pressAndHold() events to these other components by selecting the Propagate events check box. Each event is propagated to the next enabled Mouse Area beneath it in the stacking order, propagating down this visual hierarchy until a Mouse Area accepts the event.
You can place a Mouse Area instance within a component that filters child mouse events, such as Flickable. However, the mouse events might get stolen from the Mouse Area if a gesture, such as a flick, is recognized by the parent component.
Select the Prevent stealing check box to stop mouse events from being stolen from the Mouse Area instance. This value will take no effect until the next
press() event if it is set once a component has started stealing events.
For more information, see the developer documentation for the Mouse Area component.
You can specify properties for dragging components in the Drag section. Select the component to drag in the Target field. Keep in mind that anchored components cannot be dragged.
In the Axis field, specify whether dragging can be done horizontally, vertically, or both.
In the Threshold field, set the threshold in pixels of when the drag operation should start. By default, this value is bound to a platform dependent value.
Select the Filter children check box to enable dragging to override descendant Mouse Area instances. This enables a parent Mouse Area instance to handle drags, for example, while the descendant areas handle clicks.
Select the Smoothed check box to move the target component only after the drag operation has started. If this check box is not selected, the target component is moved straight to the current mouse position.
When a key is pressed or released, a key event is generated and delivered to the focused component. If no component has active focus, the key event is ignored. If the component with active focus accepts the key event, propagation stops. Otherwise the event is sent to the component's parent until the event is accepted, or the root component is reached and the event is ignored.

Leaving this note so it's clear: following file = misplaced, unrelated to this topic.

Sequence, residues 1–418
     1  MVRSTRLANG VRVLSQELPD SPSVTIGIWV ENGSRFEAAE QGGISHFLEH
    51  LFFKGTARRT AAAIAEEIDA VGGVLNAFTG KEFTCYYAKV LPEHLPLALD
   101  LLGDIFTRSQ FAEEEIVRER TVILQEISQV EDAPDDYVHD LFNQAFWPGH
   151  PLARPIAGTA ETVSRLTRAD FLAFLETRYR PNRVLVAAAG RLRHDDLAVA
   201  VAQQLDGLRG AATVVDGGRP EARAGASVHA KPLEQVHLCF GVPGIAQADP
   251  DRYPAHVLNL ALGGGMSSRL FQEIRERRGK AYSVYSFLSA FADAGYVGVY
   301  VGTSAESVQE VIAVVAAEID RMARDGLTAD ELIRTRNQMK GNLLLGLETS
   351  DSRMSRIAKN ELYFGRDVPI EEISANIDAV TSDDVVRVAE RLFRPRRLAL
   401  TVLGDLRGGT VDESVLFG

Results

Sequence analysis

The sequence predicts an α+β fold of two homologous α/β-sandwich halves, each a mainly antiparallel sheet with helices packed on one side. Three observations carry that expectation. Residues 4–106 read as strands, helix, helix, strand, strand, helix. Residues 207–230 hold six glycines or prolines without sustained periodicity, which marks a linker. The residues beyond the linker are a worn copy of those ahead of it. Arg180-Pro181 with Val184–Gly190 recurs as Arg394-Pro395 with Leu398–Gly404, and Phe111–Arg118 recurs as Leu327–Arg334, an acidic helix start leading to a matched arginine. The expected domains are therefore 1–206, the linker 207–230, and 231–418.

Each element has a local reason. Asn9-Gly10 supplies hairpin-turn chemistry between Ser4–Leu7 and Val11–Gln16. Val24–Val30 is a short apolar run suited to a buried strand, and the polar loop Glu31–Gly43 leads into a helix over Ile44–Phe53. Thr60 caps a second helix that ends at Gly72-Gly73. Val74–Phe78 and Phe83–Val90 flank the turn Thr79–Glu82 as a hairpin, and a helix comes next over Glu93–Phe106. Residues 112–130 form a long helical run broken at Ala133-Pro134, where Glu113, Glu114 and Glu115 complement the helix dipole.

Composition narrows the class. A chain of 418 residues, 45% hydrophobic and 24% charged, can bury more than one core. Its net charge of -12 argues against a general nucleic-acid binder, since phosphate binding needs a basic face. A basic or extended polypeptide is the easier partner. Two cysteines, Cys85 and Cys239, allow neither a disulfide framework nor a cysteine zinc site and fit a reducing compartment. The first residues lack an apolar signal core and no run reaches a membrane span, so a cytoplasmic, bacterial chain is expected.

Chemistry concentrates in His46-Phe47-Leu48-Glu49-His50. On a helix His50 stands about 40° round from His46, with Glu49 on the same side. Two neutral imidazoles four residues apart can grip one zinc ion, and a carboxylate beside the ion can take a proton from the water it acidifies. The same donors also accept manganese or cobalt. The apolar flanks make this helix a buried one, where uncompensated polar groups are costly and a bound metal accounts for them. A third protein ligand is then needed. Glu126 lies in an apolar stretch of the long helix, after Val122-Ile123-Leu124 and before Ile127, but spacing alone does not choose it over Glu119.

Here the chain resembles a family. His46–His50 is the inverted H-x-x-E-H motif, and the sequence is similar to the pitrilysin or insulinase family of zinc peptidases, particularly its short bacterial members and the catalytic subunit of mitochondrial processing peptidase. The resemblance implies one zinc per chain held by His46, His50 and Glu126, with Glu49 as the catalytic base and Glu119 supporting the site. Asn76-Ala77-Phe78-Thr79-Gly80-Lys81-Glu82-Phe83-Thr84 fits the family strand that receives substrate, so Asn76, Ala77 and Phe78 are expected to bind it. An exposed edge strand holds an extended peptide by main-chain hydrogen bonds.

A component has focus when the Focus property in the Advanced section is set to
true. However, for reusable or imported components, this is not sufficient, and you should use a Focus Scope component.
Within each focus scope, one object may have focus enabled. If more than one component have it enabled, the last component to enable it will have the focus and the others are unset, similarly to when there are no focus scopes.
When a focus scope receives active focus, the contained component with focus set (if any) also gets the active focus. If this component is also a focus scope, both the focus scope and the sub-focused component will have active focus.
The Focus Scope component is not a visual component and therefore the properties of its children need to be exposed to the parent component of the focus scope. Layouts and positioners will use these visual and styling properties to create the layout.
For more information, see Keyboard Focus in Qt Quick.
Flickable places its children on a surface that can be dragged and flicked, causing the view onto the child components to scroll. This behavior forms the basis of components that are designed to show large numbers of child components, such as List View and Grid View. For more information, see List and Grid Views.
In traditional user interfaces, views can be scrolled using standard controls, such as scroll bars and arrow buttons. In some situations, it is also possible to drag the view directly by pressing and holding a mouse button while moving the cursor. In touch-based user interfaces, this dragging action is often complemented with a flicking action, where scrolling continues after the user has stopped touching the view.
The contents of a Flickable component are not automatically clipped. If the component is not used as a full-screen component, consider selecting the Clip check box in the Visibility section.